market intelligence steps

Applying Market Intelligence in six steps

A marketing intelligence process is like the third-eye which allows you to see all that is happening in the market. It’ll allow you to reach your target audience, learn new business tactics, understand why market leaders succeed and what they do that makes them successful, in addition to identifying trends, even the ones which aren’t so obvious. Here’s how you build a market intelligence process in 6 steps.

1. Identify your competitors

This seems like a simple enough step, but all is not as it seems. You likely have a good grasp on who your direct competitors are, but do you know who your indirect competitors are? Your direct competitors sell or market the same products as your business, and while indirect competitors might not do that, they still compete with your business. For example, let’s say your product is an energy drink, then your direct competitors are other organizations that sell energy drinks. However, your customer might just as easily choose a carbonated beverage instead of an energy drink, which makes the organization producing that beverage your indirect competitor. You can identify direct and indirect competitors through some market research, customer feedback, and monitoring online portals. And, of course, you can (and should) use market intelligence to do that. Once you’ve identified both your direct and indirect competitors, you can move on to deciding the metrics you wish to measure.

2. Choose the metrics you wish to measure

The metrics an organization chooses to measure depend on their goals, and the strategies they deploy to achieve that goal. Organizations generally fall in two categories - ones that are brand-focused, and others that are performance-focused. Brand-focused organizations give more weightage to the aspects of their brand, their category, and their competitors. Performance-focused organizations, on the other hand, give more weightage to demand generation, and their sales efforts. Naturally, it is these respective metrics that they should focus on to gain a competitive advantage.

Brand-focused organizations should measure and pay attention to metrics such as brand advocacy, affinity, appeal, association, awareness, loyalty, perception, personality, reputation, recall, preference, strength, sentiment, salience, trust, usage and of course, competitors’ performance & tactics. Pay special attention to the kind of content your audience likes. They should use market intelligence to continuously collect information pertaining to these metrics, and deliver them to their marketing teams in the form of daily alerts and weekly or monthly reports.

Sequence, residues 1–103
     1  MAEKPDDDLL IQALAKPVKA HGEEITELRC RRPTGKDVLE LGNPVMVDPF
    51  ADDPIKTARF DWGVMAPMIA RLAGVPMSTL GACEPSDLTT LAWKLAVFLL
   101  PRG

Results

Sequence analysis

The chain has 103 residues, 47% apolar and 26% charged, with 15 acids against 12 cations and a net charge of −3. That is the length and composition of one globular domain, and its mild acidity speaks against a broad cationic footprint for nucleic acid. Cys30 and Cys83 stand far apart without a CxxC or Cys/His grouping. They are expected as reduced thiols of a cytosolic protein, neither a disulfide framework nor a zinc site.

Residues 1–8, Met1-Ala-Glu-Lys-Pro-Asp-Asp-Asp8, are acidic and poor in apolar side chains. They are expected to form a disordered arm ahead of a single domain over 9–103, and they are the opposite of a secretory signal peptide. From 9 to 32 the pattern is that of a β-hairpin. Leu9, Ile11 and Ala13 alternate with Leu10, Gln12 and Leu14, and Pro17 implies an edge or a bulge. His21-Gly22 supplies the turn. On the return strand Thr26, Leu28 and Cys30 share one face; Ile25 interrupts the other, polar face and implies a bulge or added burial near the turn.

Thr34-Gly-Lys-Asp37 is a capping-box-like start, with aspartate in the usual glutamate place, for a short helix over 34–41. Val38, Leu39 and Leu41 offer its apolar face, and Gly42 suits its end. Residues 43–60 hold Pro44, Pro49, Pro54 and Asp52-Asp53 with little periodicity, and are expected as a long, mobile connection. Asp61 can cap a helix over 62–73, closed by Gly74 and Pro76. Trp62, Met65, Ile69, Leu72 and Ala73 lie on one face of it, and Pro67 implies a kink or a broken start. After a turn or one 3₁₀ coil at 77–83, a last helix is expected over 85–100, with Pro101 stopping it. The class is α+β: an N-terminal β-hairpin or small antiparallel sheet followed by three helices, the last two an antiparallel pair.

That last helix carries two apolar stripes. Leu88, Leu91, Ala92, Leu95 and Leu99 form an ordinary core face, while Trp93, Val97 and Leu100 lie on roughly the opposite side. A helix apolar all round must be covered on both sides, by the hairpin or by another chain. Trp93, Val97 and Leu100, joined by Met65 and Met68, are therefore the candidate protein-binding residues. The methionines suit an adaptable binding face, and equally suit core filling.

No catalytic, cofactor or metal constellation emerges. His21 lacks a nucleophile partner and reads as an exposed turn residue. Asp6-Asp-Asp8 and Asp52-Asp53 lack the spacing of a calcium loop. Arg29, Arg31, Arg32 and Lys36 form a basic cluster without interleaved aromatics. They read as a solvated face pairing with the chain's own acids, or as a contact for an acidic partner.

Performance-focused organizations should measure and pay attention to critical sales metrics such as their competitors’ annual recurring revenue, sales budget, average revenue per user, win rates, conversion rates, acquisition channels, sales tactics, and the like. A market intelligence process that allows your sales team to constantly be aware of these metrics should be put in place. Integrating your sales enablement tool to your market intelligence system is a great way to streamline things in this case.

3. Understand how to use market intelligence effectively

In 2021, almost every business uses market intelligence in some form or another. From a small company that does basic or unstructured research using the internet on their target market and competitors, to huge enterprises that pay millions of dollars for data on their competitors and the markets. Neither of these organizations is using market intelligence effectively. In fact, 50% of organizations don’t know how to use M&CI properly in decision-making. When an organization creates a market intelligence process, there are 3 things they should look out for to ascertain its ROI.

- Data costs

- Labor costs

- Cost of poor decisions

Now, the company that does basic research has no data cost, as surfing the internet costs nothing. Little to no labor costs are incurred, as there’s no team of analysts decoding data that is fetched. However, the cost of poor decisions is probably immense, which is why this company is still a small company even after being in the market for a long time.

On the other hand, the enterprise-sized organization is paying through their noses for data, labor costs to analyze that data are probably high too, as the organization likely has teams of analysts for this specific job. However, their cost of poor decisions is really low, which explains why they are an enterprise-sized business. They do, however, hemorrhage money in labor and data which could be saved with a more effective MI process.